I’ve been working on profiles of prime and sub-recipients of the Coronavirus Relief Fund by analyzing transactional and risk behavior. We’ll use this information to generate a risk model that populates an interactive visual dashboard. 

What excites you about data analytics?

I love process and system improvement! Using data analytics, we can tackle big problems in an efficient fashion, focusing on specific pain points. I like that, through data analysis, we can find a seemingly small anomaly and uncover a big pattern. There’s data across every industry and every field. And where there’s data, there’s insight! 

What has surprised you the most about public service?

Before I joined the PRAC, I had no idea I could pursue a career in tech while being in the public sector. Through this fellowship, I’ve had the opportunity to speak and work with so many accomplished data scientists and engineers. I appreciate that technology is expanding within the government, and I’m excited to be part of that wave. 

How do you get in the zone or get inspired?

I do my best to remind myself what I believe in, how my life ties to my values, and how I don’t have to face anything alone. It’s easy to get bogged down in the day-to-day routine, but I feel passionate about the work we do in public service.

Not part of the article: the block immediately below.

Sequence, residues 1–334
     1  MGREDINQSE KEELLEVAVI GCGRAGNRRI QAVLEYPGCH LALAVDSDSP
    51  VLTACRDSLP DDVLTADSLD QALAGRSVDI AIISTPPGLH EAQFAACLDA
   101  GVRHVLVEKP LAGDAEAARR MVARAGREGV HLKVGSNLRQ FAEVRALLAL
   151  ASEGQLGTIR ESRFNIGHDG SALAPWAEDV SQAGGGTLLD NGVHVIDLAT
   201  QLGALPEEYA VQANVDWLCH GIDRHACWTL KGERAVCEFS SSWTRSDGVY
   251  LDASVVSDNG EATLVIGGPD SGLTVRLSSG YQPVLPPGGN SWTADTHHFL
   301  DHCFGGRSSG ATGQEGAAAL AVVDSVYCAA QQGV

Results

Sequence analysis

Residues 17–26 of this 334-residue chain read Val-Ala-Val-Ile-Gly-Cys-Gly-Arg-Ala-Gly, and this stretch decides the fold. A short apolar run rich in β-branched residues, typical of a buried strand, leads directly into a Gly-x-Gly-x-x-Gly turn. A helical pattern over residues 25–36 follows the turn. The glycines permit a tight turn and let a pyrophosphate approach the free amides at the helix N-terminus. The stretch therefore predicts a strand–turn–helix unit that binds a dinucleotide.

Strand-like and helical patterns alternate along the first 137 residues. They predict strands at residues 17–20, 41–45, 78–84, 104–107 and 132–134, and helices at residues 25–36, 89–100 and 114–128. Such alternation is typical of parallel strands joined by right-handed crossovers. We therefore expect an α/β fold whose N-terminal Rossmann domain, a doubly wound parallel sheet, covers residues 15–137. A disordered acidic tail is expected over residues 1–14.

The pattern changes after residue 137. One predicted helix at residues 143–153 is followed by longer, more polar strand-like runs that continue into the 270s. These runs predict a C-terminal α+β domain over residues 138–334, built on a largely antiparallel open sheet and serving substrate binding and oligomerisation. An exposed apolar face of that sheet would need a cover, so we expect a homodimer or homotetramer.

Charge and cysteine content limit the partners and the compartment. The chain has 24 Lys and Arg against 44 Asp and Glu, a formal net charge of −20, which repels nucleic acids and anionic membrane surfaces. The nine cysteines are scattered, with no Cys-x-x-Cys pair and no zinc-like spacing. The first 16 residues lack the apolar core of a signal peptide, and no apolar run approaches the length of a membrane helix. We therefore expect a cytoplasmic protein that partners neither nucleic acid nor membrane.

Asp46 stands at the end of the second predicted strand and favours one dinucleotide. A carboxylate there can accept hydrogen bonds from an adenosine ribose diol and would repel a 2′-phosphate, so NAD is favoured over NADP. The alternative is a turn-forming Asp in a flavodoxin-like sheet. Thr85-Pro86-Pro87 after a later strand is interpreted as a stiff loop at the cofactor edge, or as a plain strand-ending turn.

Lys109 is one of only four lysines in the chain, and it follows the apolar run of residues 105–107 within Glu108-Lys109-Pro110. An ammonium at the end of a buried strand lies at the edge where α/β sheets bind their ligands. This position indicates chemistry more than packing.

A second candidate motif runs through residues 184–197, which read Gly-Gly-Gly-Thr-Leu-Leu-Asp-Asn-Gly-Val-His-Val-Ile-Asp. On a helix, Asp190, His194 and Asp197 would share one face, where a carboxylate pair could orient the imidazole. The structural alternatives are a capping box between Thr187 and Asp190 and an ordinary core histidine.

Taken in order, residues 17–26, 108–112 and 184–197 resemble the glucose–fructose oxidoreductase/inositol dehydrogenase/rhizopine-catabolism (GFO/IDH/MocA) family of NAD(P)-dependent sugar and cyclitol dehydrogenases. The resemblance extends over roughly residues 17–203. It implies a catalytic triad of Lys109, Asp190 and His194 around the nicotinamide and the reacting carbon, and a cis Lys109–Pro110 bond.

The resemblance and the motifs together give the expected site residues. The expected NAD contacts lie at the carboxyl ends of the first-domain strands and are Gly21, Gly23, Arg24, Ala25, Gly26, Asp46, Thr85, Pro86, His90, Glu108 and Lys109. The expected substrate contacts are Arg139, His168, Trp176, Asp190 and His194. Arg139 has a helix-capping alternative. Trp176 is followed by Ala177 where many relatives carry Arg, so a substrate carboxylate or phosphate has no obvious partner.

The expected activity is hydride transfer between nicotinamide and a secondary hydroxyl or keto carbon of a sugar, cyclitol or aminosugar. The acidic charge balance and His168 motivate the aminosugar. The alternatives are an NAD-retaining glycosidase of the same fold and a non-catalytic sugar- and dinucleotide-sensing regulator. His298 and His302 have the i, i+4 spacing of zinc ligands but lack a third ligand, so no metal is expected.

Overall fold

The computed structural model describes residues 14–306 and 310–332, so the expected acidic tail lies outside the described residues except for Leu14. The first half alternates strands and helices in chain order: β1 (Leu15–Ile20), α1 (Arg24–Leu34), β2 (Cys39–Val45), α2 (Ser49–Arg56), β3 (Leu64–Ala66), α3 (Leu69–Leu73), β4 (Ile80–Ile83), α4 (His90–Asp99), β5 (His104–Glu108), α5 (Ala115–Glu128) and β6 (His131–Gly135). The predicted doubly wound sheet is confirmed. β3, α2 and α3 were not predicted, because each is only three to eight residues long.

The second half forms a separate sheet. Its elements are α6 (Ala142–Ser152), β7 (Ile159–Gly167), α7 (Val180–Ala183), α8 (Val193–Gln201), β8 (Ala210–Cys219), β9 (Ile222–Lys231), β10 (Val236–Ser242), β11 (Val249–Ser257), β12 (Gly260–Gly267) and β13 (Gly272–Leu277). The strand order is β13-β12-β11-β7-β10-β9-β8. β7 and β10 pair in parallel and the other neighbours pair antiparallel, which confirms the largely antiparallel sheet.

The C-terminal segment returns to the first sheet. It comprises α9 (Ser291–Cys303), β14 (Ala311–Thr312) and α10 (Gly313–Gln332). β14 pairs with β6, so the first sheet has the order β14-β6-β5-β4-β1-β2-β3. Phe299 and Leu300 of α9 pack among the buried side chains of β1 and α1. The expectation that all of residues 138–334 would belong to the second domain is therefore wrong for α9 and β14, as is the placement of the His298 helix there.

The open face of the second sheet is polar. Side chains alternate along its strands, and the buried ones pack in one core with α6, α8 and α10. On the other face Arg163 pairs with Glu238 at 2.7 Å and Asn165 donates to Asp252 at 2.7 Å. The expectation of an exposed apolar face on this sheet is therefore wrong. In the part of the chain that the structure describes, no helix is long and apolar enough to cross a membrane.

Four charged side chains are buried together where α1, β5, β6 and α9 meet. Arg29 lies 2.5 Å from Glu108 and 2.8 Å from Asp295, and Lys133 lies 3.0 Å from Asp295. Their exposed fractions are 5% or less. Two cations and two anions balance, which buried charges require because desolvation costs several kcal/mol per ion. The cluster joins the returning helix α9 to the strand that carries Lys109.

I could talk all day about people-centered solutions and doing our part to make sure those in need get the resources they deserve!

minghua ong data fellow
claire stabile data fellow

Claire Stabile

Working with: Department of Transportation, Office of Inspector General

What project are you working on currently?

I’m working on automating data pipelines for better efficiency. What this means is bringing in data from multiple sources, then cleaning, organizing, and warehousing it. After that, we automatically link the data to other analytics platforms, so that we always have the most updated data available when we look for signs of fraud, waste, and abuse.

What excites you about data analytics?

To me, data analytics is like solving a puzzle when you don’t know what the final picture is. You have all of these disparate pieces of information. Your goal is to form a clear, contextualized picture, and make sense of all that data. You get to be creative in how you apply tools like machine learning and natural language processing to figure out what that “puzzle” is.

What interested you in applying for the PRAC Data Science Fellows program?

I was excited for the opportunity to use data science to restore public trust. I feel like trust in our government has been at a low point. Through this fellowship, I can be part of a positive change. 

How do you describe the PRAC's mission to your family, friends, or neighbors?

I would say that we teach computers how to sort through millions of files and spot signs of fraud. This helps us pick out new patterns or anomalies in pandemic spending much faster than if we just looked at each file by hand. Ultimately, this saves the IG community time, and it saves taxpayer’s money.

Page last modified: 11/06/2023